LaVerne "Sue" Loihl
Aug 24, 1928 – Mar 13, 2017
Style, intellect, compassionate, independent, and well-read are a few descriptors of LaVerne “Sue” Loihl, who passed away peacefully in her sleep March 13. Sue was born in Tacoma, Washington on August 24, 1928. Her father was a logger, however due to the slowing of the logging industry, they moved in with her mother’s parents on a farm in Toppinish. Sue’s mother was a teacher which her family was proud of. When Sue was five years old, her mother died from a complication of surgery. Her father then left to work on the Columbia River Dams leaving Sue with her grandparents.
At age thirteen, Sue’s dad returned for her, and they moved to Belfair where she attended Kitsap High School. During this time she fostered friendships that lasted through the years as they met annually to reconnect. Sue has stories to share about having electricity but no running water. She was thrilled to eventually move to Pullman with modern conveniences and pursue a major in interior design at WSU. Sue met her wonderful husband Frank here, and they were both true blue Cougars forever. Their friends from college remained a special part of Sue and Frank’s life throughout the years.
Sue and Frank moved to Spokane after graduation where Sue obtained her second bachelor’s degree in education and taught at Linwood Elementary. Spokane was a great place to start a family and three daughters were born during that happy time: Lark, Lynn and Lori. Eventually, with children ages 5-10 they moved to Seattle after Frank began work with Boeing. This included a transfer to New Orleans for three years during the Saturn booster construction and the family experienced first hand the turmoil of the mid 60’s before moving back to Seattle. Boy, did we all miss the cozy friendly city of Spokane-- especially Sue and the other young mothers she had become close to. We continue to enjoy these lasting friendships from those early years.
Being continually interested in learning and instituting new skill sets, Sue obtained her Librarianship Certification while teaching at White Center Heights Elementary which was a diversified population. She applied for, and received, federal grant money which she used to research and buy books about the countries that the students represented. A reception to display these resources was held at the library after the project was completed. Sue continued through life to support people in all walks of life and worked to promote their well-being. These are examples of Sue’s incredible ability to honor diversity, striving to understand others, and her love of learning. She worked tirelessly to create opportunities for her students and demonstrate love for them. Passion and perseverance, ‘grit,’ was the indomitable spirit within Sue.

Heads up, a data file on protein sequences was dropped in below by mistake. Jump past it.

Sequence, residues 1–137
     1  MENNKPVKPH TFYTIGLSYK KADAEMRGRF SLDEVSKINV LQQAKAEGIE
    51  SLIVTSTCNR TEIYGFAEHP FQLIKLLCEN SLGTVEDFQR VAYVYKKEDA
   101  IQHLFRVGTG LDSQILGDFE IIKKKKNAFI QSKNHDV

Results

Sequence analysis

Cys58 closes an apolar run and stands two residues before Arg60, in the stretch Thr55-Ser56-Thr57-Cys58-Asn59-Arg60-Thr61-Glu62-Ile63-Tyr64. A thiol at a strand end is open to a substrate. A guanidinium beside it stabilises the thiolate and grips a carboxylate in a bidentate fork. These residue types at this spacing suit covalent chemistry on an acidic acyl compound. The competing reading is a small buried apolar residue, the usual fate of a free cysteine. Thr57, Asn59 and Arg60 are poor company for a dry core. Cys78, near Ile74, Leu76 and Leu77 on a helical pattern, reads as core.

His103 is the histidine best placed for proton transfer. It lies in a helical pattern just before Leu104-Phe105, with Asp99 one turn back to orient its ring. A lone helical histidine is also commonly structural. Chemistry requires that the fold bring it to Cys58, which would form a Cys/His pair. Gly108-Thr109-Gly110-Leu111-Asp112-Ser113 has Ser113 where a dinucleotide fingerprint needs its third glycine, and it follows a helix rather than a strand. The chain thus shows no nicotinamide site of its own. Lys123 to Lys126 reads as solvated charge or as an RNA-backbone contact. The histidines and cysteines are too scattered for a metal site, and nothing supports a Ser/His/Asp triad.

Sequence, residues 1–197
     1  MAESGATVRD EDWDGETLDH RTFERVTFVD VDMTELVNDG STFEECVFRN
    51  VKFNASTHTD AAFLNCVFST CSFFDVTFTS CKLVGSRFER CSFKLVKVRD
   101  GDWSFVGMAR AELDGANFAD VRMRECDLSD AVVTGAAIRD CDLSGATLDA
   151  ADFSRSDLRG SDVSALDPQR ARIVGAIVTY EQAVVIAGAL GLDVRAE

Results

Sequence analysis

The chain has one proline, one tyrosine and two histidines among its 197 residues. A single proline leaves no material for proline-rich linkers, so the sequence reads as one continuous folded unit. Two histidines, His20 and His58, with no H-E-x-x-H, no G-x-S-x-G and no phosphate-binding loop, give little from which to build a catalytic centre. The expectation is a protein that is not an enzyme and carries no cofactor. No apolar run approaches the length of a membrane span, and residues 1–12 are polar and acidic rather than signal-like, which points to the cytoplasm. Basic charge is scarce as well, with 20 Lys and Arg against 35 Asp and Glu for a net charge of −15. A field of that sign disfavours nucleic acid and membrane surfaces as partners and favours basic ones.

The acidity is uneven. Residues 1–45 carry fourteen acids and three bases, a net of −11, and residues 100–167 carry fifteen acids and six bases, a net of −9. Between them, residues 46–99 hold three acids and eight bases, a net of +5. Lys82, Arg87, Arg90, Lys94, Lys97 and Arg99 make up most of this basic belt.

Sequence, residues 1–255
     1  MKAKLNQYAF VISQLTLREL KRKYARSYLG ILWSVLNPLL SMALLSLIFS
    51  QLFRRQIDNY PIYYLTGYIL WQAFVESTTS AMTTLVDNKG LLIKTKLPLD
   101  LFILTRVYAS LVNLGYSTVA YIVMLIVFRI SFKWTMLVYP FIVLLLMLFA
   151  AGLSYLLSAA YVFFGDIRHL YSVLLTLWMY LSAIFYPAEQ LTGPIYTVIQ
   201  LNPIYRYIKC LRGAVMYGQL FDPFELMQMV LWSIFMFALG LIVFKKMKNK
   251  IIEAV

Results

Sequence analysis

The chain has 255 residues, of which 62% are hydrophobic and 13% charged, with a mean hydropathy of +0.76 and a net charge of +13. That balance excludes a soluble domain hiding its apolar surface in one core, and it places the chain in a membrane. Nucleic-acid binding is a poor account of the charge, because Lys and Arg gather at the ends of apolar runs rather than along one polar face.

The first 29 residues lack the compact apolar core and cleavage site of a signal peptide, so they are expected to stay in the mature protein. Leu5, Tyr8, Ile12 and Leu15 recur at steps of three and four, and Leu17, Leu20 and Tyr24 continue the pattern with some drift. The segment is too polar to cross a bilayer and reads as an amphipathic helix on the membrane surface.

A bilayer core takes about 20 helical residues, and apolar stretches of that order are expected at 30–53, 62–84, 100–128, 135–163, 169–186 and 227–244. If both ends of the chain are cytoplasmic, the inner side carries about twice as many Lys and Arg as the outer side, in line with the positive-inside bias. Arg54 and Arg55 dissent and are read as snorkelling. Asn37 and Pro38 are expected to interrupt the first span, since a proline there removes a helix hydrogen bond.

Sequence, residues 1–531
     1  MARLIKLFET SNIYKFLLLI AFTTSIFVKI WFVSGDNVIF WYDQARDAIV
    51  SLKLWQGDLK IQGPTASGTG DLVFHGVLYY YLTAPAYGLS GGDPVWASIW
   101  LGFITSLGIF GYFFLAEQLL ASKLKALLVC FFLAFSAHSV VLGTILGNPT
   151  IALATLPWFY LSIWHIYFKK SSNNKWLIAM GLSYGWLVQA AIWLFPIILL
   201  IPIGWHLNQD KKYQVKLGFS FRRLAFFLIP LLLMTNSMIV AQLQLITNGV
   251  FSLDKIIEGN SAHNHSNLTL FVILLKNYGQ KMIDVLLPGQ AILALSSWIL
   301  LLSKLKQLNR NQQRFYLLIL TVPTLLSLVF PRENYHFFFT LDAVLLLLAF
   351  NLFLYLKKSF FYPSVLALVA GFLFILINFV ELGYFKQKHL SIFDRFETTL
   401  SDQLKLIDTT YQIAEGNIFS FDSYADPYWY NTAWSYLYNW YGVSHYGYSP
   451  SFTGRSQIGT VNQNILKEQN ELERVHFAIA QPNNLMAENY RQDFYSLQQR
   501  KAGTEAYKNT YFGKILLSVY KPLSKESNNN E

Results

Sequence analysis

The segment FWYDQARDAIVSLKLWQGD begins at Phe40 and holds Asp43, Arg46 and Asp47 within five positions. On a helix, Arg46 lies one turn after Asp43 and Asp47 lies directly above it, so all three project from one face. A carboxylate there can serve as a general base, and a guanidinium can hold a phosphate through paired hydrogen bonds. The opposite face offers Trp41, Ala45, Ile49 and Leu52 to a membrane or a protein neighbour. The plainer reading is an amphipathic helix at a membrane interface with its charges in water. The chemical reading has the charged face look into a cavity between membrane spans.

When traveling with Sue, one could count on her research of the best places to eat, the best chocolate, museums, and remarkable sites. To her credit - she was exactly right 90% of the time! Sue was happy and vibrant when traveling. During the 70’s Sue traveled with Frank for business and they took their first Europe trip. After that, there was usually one or two trips in the works each year.
The family joined John Knox Presbyterian Church, and the spiritual growth of all members flourished under Pastor John Kopp. Daughters were married here, and bible studies were a part of Sue and Frank’s life as they solidified their close ties with other church members. Life was full and led largely by Sue’s love of being with people in church activities, bridge parties, at the theater, or in as many as 3 book clubs at one time!
After retirement, they moved to a beautiful condo on Alki Beach where they continued to entertain, enjoying visits from their three daughters and growing families. Even with increasing back pain at this time due to worsening scoliosis, Sue persevered with her activities with John Knox being involved in small groups and book clubs forging many close bonds with friends. Some of these dear people moved to Judson Park Retirement Home about the same time Sue did, after Frank passed on. There, in her new retirement apt, Sue continued to enjoy these loving friendships. They were a great comfort to Sue in a stressful time.
From Sue’s computer, even at age 88, she continued to reach out to all friends and families with emails filled with advice, God’s blessings, and gestures of love as a way of keeping in touch with her dear ones. It was her intense desire to be involved with all of their lives and provide help and reassurance where she could. She will be deeply missed by all.
This obituary is provided by Bonney-Watson, providing caring and compassionate funeral, cremation and cemetery services since 1868. We have a professional staff, four funeral homes, two cremation facilities and one of the largest cemeteries south of Seattle, as well as a comprehensive grief support program.